South Korean former sex slaves renew calls for Japan to apologize
Originally published in:
Mainichi Daily News (Japan)
NEW YORK -- It was a moonlit night in the autumn of 1943 when Yong Soo Lee experienced the darkest moment of her life -- Japanese soldiers snatched her from her home in southeast South Korea. At age 15, she was to become a sex slave for two years in a camp in Taiwan that housed 300 soldiers.
"I was an innocent girl, a daughter of Korea -- and that was my sin," she told a crowd of 40 women on Saturday through a translator, as she wept.
Yong, 78, and another former sex slave, Kim Ok Sun, 83, are touring the United States as part of a campaign to pressure Japan to apologize to and compensate "comfort women" who were used to provide sex for its troops during World War II. The two women were hosted by V-Day, a women's anti-violence group that kicked off a campaign to promote the cause.
Historians say up to 200,000 Asian women were forced to service millions of Japanese soldiers before and during the war. Several lawsuits in recent years sought reparation.
"I can't forgive the Japanese government. The Japanese Prime Minister must come to me and ask for forgiveness," Yong said.
Tokyo acknowledged in the 1990s that its military set up and ran brothels for its troops, but Japan has rejected most compensation claims, saying they were settled by postwar treaties.
According to Heisoo Shin of the Korean Council for the Women Drafted for Military Sex Slavery by Japan, 210 former sex slaves have come forward with their stories. The council was established in 1990 to help survivors speak out.
Heisoo said almost half of the survivors died since the first victim went public in 1991. Currently, there are 119 survivors registered with the government and they receive monthly subsidies.
The other visiting survivor, Kim, told of how soldiers snatched her at age 15 amid the screams of her brother and mother. She and her neighbor were thrown in a dirty truck packed with 15 other girls and later shipped to Taiwan.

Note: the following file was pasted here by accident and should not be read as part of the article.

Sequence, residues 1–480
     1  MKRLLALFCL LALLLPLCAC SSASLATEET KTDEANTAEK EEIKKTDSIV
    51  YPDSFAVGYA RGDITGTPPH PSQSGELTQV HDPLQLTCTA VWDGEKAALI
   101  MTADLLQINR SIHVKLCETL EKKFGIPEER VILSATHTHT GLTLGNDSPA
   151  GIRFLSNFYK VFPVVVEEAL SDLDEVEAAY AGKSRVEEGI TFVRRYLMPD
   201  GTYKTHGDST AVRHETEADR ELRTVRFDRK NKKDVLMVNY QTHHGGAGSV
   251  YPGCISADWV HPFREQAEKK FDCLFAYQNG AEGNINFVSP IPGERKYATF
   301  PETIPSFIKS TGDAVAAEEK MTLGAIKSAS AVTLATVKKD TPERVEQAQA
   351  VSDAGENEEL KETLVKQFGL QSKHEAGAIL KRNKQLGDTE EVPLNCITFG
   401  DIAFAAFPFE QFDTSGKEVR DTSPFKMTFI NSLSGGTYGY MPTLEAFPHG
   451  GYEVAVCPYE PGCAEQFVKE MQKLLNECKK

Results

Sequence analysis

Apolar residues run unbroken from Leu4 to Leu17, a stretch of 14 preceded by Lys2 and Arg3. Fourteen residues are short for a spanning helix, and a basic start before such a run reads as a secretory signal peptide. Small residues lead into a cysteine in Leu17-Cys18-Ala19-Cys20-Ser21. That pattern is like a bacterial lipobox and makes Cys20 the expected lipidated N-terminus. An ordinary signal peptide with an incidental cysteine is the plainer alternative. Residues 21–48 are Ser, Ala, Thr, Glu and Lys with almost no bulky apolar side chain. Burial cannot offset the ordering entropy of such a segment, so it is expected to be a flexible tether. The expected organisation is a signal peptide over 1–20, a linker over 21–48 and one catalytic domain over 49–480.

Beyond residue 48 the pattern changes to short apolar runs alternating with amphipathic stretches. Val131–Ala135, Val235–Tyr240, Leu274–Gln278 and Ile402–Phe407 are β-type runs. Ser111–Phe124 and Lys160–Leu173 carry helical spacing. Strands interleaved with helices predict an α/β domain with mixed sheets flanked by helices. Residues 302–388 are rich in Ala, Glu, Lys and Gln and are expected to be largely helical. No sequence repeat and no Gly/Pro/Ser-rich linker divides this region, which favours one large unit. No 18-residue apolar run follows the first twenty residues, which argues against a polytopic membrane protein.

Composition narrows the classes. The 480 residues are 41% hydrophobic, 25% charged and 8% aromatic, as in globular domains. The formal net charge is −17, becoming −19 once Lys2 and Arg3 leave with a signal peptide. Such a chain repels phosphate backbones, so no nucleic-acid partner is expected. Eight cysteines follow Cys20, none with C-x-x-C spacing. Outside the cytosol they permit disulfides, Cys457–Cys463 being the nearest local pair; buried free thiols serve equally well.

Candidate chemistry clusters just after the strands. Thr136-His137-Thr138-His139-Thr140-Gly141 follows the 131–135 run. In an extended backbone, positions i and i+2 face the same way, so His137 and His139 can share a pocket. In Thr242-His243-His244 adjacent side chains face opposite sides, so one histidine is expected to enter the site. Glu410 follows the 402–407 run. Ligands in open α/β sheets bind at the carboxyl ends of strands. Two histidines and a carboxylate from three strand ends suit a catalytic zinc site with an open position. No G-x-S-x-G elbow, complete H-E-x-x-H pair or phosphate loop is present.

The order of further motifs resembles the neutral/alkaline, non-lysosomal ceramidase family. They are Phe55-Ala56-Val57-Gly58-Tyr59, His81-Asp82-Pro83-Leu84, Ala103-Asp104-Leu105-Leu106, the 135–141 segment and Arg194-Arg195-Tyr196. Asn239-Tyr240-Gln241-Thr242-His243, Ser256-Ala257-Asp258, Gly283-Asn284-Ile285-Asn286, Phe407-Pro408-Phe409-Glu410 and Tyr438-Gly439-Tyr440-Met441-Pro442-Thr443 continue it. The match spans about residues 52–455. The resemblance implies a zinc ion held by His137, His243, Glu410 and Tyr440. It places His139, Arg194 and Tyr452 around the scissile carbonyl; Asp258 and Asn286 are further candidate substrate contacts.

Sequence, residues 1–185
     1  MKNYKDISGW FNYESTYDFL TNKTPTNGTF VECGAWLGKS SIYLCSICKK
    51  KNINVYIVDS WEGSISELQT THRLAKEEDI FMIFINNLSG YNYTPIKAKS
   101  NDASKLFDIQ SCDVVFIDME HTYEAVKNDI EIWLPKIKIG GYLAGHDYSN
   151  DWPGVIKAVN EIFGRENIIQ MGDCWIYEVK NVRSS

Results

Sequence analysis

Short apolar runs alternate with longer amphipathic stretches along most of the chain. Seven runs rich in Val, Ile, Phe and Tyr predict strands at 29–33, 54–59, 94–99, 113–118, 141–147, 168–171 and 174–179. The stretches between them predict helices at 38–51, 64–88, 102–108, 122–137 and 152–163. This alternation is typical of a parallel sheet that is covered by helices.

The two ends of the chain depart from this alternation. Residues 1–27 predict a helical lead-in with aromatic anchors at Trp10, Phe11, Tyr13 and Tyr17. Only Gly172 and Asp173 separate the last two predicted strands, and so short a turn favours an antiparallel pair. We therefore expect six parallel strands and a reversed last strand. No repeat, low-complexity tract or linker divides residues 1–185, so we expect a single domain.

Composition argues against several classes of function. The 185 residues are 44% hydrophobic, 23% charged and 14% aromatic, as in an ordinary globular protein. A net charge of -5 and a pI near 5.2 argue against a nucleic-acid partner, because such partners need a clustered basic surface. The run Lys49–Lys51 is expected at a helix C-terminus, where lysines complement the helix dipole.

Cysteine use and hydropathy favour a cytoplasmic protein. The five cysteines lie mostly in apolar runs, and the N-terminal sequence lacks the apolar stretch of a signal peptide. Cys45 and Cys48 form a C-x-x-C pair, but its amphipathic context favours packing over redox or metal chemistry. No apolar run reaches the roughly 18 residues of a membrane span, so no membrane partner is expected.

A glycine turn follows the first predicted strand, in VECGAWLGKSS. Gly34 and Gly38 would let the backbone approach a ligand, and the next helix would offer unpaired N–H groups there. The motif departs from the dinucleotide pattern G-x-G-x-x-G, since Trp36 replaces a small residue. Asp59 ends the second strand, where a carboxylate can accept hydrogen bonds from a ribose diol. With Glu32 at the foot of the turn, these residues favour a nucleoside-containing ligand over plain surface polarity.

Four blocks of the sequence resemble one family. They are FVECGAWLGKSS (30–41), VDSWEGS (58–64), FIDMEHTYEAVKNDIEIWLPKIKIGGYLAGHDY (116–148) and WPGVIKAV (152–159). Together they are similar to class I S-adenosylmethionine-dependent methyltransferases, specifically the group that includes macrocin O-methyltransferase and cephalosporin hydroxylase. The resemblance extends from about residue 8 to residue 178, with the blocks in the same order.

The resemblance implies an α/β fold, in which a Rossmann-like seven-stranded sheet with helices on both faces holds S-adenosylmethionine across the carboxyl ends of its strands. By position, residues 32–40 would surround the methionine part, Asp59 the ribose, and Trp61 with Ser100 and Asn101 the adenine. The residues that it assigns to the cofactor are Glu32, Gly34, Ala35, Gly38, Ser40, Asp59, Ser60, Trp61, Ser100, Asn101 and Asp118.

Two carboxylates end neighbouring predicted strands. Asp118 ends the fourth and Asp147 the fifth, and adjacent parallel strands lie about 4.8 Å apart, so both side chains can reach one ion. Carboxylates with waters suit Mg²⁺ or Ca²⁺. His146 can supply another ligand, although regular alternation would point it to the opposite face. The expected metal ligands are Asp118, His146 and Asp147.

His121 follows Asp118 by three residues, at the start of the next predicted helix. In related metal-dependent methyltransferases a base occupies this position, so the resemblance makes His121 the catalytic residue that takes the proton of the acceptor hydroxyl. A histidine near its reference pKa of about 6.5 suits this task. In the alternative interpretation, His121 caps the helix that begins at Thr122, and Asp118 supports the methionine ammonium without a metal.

"I was raped and totally violated," she said, vividly recounting the details of her eight-year enslavement. "It was so painful, I could hear the cracking. And then all I saw was blood."
At times, up to seven girls were being raped in one room, as soldiers waiting outside shouted, "What's taking so long?" Kim said, adding that one of the other captives died after she was raped by as many as 100 soldiers, another committed suicide and two became insane.
When she finally returned home in 1946, she could not tell her family what happened -- but they figured out when an infection required her uterus to be removed.
Both Kim and Yong live alone today. They could never marry.
"For a woman, once her body is violated, it's very hard to feel alive again," Yong said. "I think of my body as something dirty, and that's how I think of myself."
They joined forces with the other survivors and have been protesting outside the Japanese embassy in Seoul every Wednesday since 1992.
The campaign distributed postcards calling for the blockage of Japan's bid for a U.N. Security Council seat until a formal apology has been made.
"We're old women, but before the last one dies, we want you to join our fight," Yong said. "I want us to end the sex violence so that we can live in peace."
Susan Celia Swan, a V-Day spokeswoman, said despite the fact that violence against "comfort women" happened a long time ago, it is still relevant today.
"This issue ties to sex slavery and violence against women in conflict zones today," she said. "It's a story that must be told again and again to help raise awareness." (AP)
For more information on V-Day’s 2006 Spotlight, visit vday.org/spotlight